© Gary Swift

Inventing the Future with Structured Planning
Systems Design Methodology for Software Products

Version 2.1, June 6, 1995

6.4 Information Structuring

6.4.1 The Problem Maze

"You are in a maze of twisty little passages all alike."
- from the game of Zork
In a large systems design project the number of functions and Problem Elements can be in the hundreds or even thousands, and the interactions among them can form a hyperspace with the complexity of the worldwide web. To intuitively follow your nose through this web is like being in a game of Dungeons and Dragons and stumbling into a maze with an empty pack, hence nothing to drop to find your way out. (This is a good analogy for all too many complex design projects.)

The information from the functional design analysis needs to be structured in a way that lends itself to design problem solving and synthesis. While the top-down hierarchy of functions constructed in the analytic phase helps to uncover design insights, it is inadequate as a strategic model for creative problem solving, because it does not lend itself to cross-categorical or lateral thinking. It would tend to bias the team toward inventing a component for each low-order function and to mechanically assemble them into something that might work, but like a Rube Goldberg contraption.

6.4.2 Mapping the Maze

The heart of the Structured Planning process (proposed in Alexander's Notes) involves using cluster analysis or decomposition programs to organize this information into a hierarchy of manageable subsets (clusters), producing a map for bottom-up solution generation and integration.

There are several variations on this method but all involve clustering descriptions of contexts and functions, real or potential problems to be resolved, and solution directives. Ultimately we are after an information structure that ties ensembles of these elements together, providing a well-ordered problem solving strategy.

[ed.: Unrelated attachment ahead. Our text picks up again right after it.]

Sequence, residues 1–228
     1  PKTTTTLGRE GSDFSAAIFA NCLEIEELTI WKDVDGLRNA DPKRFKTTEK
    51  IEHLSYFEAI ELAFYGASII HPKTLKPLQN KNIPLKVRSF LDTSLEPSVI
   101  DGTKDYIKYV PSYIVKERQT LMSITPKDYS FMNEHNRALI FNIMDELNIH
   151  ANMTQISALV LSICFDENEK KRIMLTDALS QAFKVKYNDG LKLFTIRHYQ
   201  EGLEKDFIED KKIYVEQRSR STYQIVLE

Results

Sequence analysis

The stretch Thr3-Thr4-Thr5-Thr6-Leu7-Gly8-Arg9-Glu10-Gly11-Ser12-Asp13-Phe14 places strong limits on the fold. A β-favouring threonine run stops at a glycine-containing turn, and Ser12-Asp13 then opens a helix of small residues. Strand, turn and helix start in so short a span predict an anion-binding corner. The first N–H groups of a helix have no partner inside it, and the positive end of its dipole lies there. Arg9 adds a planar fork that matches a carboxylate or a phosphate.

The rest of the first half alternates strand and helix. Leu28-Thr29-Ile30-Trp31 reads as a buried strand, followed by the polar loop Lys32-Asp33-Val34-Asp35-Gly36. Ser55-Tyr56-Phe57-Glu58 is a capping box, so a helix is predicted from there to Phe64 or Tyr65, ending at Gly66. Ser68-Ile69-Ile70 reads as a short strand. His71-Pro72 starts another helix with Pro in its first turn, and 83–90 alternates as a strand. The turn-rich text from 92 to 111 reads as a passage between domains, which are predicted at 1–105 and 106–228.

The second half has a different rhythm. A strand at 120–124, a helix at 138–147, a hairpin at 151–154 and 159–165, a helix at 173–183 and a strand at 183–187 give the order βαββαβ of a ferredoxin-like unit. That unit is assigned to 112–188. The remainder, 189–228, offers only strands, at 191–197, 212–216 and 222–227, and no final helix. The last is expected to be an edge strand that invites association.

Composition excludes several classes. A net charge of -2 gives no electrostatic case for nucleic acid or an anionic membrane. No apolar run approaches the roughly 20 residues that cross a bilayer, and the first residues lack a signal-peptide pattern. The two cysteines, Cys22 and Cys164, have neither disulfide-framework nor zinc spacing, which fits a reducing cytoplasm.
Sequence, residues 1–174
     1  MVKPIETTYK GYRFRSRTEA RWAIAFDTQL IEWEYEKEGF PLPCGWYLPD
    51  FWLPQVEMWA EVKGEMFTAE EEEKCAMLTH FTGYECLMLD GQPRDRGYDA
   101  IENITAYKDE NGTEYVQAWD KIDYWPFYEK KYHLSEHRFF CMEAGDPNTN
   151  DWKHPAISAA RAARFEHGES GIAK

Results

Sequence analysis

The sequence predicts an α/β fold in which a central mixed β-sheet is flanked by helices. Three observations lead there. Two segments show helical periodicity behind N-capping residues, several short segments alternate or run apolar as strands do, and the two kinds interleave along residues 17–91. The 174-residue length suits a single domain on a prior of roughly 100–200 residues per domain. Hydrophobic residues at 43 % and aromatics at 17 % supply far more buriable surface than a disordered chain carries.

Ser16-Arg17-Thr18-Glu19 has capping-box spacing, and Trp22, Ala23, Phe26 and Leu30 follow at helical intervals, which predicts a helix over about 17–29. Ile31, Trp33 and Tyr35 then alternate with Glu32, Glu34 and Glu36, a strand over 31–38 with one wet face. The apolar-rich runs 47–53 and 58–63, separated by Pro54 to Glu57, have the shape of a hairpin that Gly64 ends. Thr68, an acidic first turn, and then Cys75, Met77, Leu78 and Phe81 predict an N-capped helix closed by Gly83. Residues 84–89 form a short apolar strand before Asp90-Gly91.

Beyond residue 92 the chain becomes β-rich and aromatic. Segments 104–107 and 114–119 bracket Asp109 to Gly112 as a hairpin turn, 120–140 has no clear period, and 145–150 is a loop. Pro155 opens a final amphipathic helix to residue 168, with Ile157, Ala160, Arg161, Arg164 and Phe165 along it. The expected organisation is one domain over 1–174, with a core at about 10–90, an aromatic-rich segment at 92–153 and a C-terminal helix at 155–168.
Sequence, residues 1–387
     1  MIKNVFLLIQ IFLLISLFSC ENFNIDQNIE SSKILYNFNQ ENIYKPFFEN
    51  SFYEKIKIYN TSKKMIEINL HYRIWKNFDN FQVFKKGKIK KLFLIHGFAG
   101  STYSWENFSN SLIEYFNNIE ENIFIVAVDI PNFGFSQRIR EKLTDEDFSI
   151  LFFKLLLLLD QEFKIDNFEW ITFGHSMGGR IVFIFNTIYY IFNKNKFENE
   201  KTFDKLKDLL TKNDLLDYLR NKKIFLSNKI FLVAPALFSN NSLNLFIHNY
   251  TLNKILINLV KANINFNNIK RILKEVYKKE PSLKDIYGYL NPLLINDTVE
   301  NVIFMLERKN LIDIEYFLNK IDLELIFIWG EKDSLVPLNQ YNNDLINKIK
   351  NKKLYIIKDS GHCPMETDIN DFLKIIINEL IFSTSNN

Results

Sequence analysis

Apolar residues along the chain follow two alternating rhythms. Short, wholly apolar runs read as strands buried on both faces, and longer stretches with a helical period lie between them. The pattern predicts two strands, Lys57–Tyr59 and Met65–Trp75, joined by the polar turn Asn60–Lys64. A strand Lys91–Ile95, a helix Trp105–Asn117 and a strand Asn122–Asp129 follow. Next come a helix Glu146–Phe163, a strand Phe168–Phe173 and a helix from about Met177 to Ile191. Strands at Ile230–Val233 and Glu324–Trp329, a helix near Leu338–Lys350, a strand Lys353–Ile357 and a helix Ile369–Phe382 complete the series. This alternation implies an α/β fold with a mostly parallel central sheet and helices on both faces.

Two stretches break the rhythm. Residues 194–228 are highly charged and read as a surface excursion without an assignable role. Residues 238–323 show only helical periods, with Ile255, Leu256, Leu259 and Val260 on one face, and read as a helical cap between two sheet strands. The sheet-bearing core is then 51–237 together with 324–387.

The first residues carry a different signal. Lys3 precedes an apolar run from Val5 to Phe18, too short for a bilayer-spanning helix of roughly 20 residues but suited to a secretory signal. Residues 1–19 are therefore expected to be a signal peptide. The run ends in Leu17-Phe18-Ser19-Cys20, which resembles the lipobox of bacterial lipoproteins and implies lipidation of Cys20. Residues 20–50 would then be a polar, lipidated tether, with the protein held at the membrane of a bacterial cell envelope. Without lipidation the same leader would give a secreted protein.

Interaction Matrix
The design team systematically determines the relationships among the Problem Elements using an "interaction matrix". Each Problem Element is given a numerical index associated with a row and column of the matrix. The team considers each Problem Element in turn with the others. If the solutions implied by one Problem Element (i.e., the forms that resolve the forces to achieve the functions) tend to reinforce or conflict with those of another, the Problem Elements should be considered together in the same mindset. They are consequently marked as interacting where their respective rows and columns meet in a cell of the matrix. (Problem Element "x" is considered with "y", and "y" is considered with "x" in the matrix to provide a sanity check. The matrix should be symmetrical along the diagonal.)

In large complex systems design problems the goal of the analysis is to define the forces that need to be resolved by the form to achieve the functions, and the goal of this information structuring is to make it manageable and usable in the problem solving and design synthesis phase. The elements and their interactions defined in the matrix define a non-directed graph, essentially a map of the problem space. The cluster analysis program decomposes this graph into a hierarchy of sets of elements.